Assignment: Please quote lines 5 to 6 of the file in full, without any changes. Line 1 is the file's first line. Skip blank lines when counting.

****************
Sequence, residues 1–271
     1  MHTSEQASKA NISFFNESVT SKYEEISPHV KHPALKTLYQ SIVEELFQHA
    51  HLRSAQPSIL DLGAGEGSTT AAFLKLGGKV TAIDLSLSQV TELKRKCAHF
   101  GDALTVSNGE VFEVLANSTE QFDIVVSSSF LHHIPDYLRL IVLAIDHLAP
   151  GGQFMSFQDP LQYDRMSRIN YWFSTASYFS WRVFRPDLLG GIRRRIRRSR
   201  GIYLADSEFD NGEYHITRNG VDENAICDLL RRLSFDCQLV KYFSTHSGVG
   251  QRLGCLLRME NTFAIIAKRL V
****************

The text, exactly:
   151  GGQFMSFQDP LQYDRMSRIN YWFSTASYFS WRVFRPDLLG GIRRRIRRSR
   201  GIYLADSEFD NGEYHITRNG VDENAICDLL RRLSFDCQLV KYFSTHSGVG